Today, Wednesday 30th September, the Dublin City Business Improvement District in association with the Restaurants Association of Ireland and The Irish Hotels Federation announced details of  ‘Dine In Dublin-Restaurant Week’ which will run from Monday October 12th to Sunday October 18th 2009 – so mark your calendar and start saving room for dessert as we embark on yet another culinary adventure!

For the second time this year ‘Dine In Dublin-Restaurant Week’ will see many of  the city’s top restaurants offering special promotional rates of €25 or €30* per person for traditional three course dinner menus. From 7pm each evening, customers will be presented with a three course dinner menu at a set price of at least 20% below what the menu would cost outside Restaurant Week. There are over 50 restaurants participating in the initiative including Marco Pierre White’s Steakhouse & Grill, Fallon & Byrne, Bleu Bistro, Saba , Brasserie 66 and many more.

For the first time several of the city centre hotels are also offering customers a 10% discount off the lowest quoted accommodation rates. Hotels confirmed to participate in the initiative include the Westbury Hotel, Conrad Hotel, Westin Hotel, Jurys Inn Hotel Parnell Street, Hotel Isaacs and the Academy Hotel, to name but a few. Customers will not only have the chance to experience the culinary delights of the city centre restaurants but also be able to treat themselves to an overnight stay in some of the city’s top hotels.

Commenting on the event, Richard Guiney, CEO of Dublin City Business Improvement District said, ‘The inaugural ‘Dine In Dublin-Restaurant Week’ saw over 17,500 people eating in participating restaurants during the course of the week with positive knock on effects for bar, retail and theatre outlets. The involvement of the Irish Hotels Federation adds another dimension to the initiative as it will open ‘Dine In Dublin-Restaurant Week’ to a wider audience making it accessible not only to Dubliners but also to people living outside the city who want to come and experience Dublin’s vibrant culinary scene and soak up the city’s unique atmosphere. We want to encourage even more people to come into the city this October and experience this unique culinary initiative”.

‘Dine In Dublin- Restaurant Week’ will allow culinary enthusiasts to please their palates without draining their wallets, experience new gastronomic delights and discover new cuisines. A list of participating restaurants and hotels is available online at

According to Adrian Cummins, CEO of The Restaurants Association of Ireland , “We are delighted again to get involved in ‘Dine In Dublin-Restaurant Week’ as  it provides the perfect answer for diners who have been watching the pennies but long for a gourmet meal during these tough economic times. It is also a great way for participating restaurants to attract extra business during a typically slow time of year. The economy may be gloomy, but what better way to brighten your day than with an indulgent yet inexpensive night out on the town?”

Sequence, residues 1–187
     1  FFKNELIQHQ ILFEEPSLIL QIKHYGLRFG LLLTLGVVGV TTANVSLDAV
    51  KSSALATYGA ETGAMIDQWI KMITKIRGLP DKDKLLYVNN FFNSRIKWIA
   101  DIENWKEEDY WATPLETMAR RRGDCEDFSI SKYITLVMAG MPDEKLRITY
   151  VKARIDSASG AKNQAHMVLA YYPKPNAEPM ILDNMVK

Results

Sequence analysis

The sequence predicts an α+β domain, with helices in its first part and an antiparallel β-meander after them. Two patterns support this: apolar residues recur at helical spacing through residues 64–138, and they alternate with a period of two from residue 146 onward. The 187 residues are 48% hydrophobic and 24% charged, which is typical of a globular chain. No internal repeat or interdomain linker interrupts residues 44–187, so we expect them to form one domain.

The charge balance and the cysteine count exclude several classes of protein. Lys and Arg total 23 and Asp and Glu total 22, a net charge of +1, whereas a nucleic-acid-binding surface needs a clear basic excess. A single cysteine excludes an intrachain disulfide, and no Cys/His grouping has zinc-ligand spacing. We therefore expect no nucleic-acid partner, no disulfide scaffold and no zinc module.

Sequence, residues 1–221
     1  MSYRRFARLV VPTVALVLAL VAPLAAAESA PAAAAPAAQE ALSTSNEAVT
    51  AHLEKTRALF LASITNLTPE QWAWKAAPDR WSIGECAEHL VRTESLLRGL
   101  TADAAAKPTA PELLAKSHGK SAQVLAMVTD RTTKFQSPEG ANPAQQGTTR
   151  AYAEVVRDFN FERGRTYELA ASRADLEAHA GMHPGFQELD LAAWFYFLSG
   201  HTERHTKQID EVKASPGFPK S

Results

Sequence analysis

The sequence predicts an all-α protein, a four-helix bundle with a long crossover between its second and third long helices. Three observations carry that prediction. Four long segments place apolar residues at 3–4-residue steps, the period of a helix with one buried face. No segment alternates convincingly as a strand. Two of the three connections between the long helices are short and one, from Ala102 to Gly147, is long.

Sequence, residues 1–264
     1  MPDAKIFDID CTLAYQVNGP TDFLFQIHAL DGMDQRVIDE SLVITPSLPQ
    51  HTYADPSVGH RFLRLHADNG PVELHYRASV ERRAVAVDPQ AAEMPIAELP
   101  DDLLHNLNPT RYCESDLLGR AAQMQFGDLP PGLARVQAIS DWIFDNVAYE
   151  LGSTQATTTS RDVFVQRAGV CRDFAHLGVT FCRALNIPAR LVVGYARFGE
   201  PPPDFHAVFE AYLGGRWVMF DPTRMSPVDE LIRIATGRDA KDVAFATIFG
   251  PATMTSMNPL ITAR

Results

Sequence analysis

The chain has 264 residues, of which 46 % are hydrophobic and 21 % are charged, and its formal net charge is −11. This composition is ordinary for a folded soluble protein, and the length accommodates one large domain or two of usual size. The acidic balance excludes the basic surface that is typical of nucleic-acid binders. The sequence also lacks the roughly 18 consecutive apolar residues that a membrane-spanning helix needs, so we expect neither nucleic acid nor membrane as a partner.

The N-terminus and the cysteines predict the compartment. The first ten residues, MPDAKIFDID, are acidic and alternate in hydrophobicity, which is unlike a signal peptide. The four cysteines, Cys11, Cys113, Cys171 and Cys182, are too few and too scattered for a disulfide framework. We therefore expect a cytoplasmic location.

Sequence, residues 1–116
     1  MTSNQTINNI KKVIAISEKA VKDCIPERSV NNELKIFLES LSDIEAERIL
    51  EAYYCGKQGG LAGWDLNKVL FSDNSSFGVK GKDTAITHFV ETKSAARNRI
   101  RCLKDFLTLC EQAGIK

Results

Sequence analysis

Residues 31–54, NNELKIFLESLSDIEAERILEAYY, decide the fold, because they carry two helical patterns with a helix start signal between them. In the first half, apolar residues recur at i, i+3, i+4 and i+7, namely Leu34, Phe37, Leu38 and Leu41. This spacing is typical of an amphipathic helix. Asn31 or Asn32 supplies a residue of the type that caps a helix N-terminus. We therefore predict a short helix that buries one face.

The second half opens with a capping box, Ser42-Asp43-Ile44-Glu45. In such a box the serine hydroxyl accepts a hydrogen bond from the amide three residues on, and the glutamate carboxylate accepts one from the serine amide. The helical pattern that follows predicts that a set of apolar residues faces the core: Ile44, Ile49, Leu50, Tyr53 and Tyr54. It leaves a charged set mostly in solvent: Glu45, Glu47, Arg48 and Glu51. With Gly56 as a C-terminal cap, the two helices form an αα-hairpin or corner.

*determined by the participating restaurant

Bang Café, Dublin

IMPORTANT: Sadly, Bang Cafe is no more, according to this article. An incredible loss to Dublin’s restaurant scene. I have some very fond memories of dining here.

It’s true what the newspapers are saying about restaurants; there is really is some great value to be had in Dublin these days. I’ve long been a fan of Bang Café and often recommend it to people. Even in the days when the “Celtic Tiger” was roaring and the phrase “early bird” was never to be uttered, I always felt that Bang was extremely good value. The menu always offered a great selection of dishes to suit every pocket. Head chef Lorcan Cribben’s dishes were always creative and superbly executed.

The restaurant is currently offering a value menu for both lunch and dinner which offers plenty of variety. I took lunch there recently and was so impressed by the chef’s “Slow roast shoulder of lamb” that I vowed to return as soon as possible for a meal with The Wife.

Gravlax with Beetroot Purée

I started with a “Gravlax of Salmon with beetroot puree, orange salad, citrus dressing“. Such a great combination of clean and light flavours, I loved the balance between the citrus flavours and the sweet beetroot.

Slow Roast Shoulder of Lamb

Slow Braised Shoulder of Lamb with colcannon, organic carrots rosemary jus” was incredible comfort food with some stylish restaurant presentation. I’m a huge fan of slow-cooked lamb and this meat was perfectly cooked, braised to almost melting tenderness. The rich, buttery colcannon made a great accompaniment.

Coffee Creme Brulée